We continue to see a pattern of noncompliance in the areas noted below. This section has been created to assist you in keeping your insurance business in compliance. The items are intended as reminders only and are not necessarily the exact text of the Florida Statutes or Florida Administrative Code. The legal cites have been provided for your further reference.
We'd like to remind agents about the unlawful nature of issuing certifications, declarations or other evidence of coverage that differs from the terms, benefits or conditions of an underlying insurance contract. Informational Memorandum OIR-03-003M issued on February 21, 2003 addressed this topic and remains relevant today.
Certificates of insurance generally serve only as evidence of insurance in lieu of an actual copy of an insurance policy. An insurer is under no obligation to abide by any certificate of insurance which has been modified by any person or entity which does not have actual or apparent authority to do so. Distribution of a certificate of insurance which has been modified without authorization and which purports to alter the provisions of the underlying policy, misrepresents the conditions or terms of the insurance policy in violation of Section 626.9541(1)(a)1, Florida Statutes, thereby subjecting the person or entity modifying the certificate to license discipline and administrative fines, in addition to possible criminal penalties.
The Florida Administrative Code sets the premium for title insurance policies issued within 3 years of a previous policy at:
In order to qualify for these rates, the title agent must include proof of the previous title insurance policy. Failure to include the proof of prior coverage within 3 years could result in the title insurance agent and agency being found to have violated Subsection 627.780(1), Florida Statutes, for quoting, charging, collecting or accepting a premium for title insurance that is other than the premium promulgated by the Florida Administrative Code.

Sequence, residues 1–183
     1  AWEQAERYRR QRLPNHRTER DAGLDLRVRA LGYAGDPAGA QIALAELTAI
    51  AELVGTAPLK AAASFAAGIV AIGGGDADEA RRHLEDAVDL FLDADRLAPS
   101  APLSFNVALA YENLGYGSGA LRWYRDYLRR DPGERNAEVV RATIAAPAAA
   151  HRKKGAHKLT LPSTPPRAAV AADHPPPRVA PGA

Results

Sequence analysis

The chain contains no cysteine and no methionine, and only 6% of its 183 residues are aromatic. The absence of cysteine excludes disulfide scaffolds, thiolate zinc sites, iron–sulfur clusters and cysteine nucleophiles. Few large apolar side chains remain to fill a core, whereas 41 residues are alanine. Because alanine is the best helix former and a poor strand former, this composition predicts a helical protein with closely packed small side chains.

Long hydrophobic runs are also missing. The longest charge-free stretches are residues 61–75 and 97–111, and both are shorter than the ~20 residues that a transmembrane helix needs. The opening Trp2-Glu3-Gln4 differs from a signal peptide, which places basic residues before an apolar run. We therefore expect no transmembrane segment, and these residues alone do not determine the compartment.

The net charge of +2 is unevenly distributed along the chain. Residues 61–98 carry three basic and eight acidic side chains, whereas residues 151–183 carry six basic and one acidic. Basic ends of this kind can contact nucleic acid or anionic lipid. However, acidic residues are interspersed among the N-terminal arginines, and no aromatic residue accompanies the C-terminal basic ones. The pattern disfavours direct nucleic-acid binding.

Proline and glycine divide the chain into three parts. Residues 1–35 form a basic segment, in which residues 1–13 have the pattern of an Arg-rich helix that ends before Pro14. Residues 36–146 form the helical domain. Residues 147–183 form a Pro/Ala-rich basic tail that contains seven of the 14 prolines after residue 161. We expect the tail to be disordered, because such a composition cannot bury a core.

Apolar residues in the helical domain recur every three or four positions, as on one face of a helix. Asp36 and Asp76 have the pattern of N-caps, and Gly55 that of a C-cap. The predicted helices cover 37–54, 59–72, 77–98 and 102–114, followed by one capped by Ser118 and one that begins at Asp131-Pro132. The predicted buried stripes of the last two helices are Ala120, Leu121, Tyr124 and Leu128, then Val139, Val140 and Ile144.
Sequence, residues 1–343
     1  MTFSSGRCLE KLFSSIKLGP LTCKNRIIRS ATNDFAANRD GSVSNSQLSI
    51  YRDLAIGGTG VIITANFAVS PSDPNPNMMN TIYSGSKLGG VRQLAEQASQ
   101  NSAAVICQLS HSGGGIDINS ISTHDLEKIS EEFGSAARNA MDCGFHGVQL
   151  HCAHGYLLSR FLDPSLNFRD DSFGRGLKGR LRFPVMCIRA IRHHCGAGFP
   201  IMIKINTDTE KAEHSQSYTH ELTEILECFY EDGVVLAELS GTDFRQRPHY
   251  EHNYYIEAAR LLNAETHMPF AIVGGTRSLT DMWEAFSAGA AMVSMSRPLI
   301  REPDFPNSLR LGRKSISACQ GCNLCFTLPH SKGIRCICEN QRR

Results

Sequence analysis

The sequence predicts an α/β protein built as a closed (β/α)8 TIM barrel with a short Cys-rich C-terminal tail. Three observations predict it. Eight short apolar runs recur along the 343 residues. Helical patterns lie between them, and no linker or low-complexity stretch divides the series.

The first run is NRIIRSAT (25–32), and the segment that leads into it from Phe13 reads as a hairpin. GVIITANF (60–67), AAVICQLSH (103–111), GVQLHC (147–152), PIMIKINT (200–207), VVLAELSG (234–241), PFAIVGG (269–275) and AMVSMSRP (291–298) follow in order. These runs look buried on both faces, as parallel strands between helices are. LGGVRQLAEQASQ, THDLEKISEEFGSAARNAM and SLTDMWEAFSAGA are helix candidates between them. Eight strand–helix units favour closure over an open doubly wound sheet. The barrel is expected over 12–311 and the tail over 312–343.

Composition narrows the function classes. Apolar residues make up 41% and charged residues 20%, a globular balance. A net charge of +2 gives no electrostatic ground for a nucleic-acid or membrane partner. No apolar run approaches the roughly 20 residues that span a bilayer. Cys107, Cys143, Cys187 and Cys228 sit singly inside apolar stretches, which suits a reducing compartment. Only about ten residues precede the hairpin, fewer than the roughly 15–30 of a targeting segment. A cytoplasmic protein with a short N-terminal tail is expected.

Please be aware that the Department may suspend or revoke the license of a title insurance agent or agency that has:
Cases involving reissue rates that were charged illegally will also be referred to the Office of Insurance Regulation to determine if the title insurer violated Subsection 627.780(2), Florida Statutes, by accepting a premium for a title insurance policy issued by their company that is not the premium promulgated by the Florida Administrative Code.
The Florida Statutes defines closing
services as the services performed by a licensed title insurer,
title insurance agent or agency, or attorney agent in the agent's or
agency's capacity as such, including, but not limited to, preparing
documents necessary to close the transaction, conducting the closing, or
handling the disbursing of funds related to the closing in a real estate
closing transaction in which a title insurance commitment or policy is
to be issued.
This means the closing services fee listed on the settlement statement form is to include all the fees and charges made by the agency to close and complete the transaction. Consumers should not be charged additional fees in addition to the amount listed as the closing or settlement services fee on the HUD-1 or other settlement statement form.
Examples of fees that should not be listed as separate line items on the form include, but are not limited to:
Agencies that charge additional fees as separate line items may be found to be engaging in deceptive practices against Florida consumers in violation of the Florida Statutes. The penalty for violations such as this can be as strong as suspending or revoking the license of the agent and the agency involved in the practice. Agencies may provide consumers with a detailed listing of the fees and charges that comprise the closing services fee being charged. This listing would be in addition to the settlement statement (HUD-1) form and the amounts included would need to total to the same number listed on the settlement statement form as the closing services fee.
The Florida Bar has recently made it clear that if a public adjuster files a claim of lien against a customer on their behalf or on behalf of their adjusting firm, which is a fictitious entity requiring representation by a lawyer, it would be considered engaging in the unlicensed practice of law. There is no statutory authority to authorize the conduct as Section 713.03, Florida Statutes, creates liens rights in favor of numerous occupations and professions, but fails to include public insurance adjusters.
Any public adjuster that engages in this type of activity is subject to disciplinary action by the Florida Bar and the Florida Department of Financial Services if a violation of the Florida Insurance Code is committed.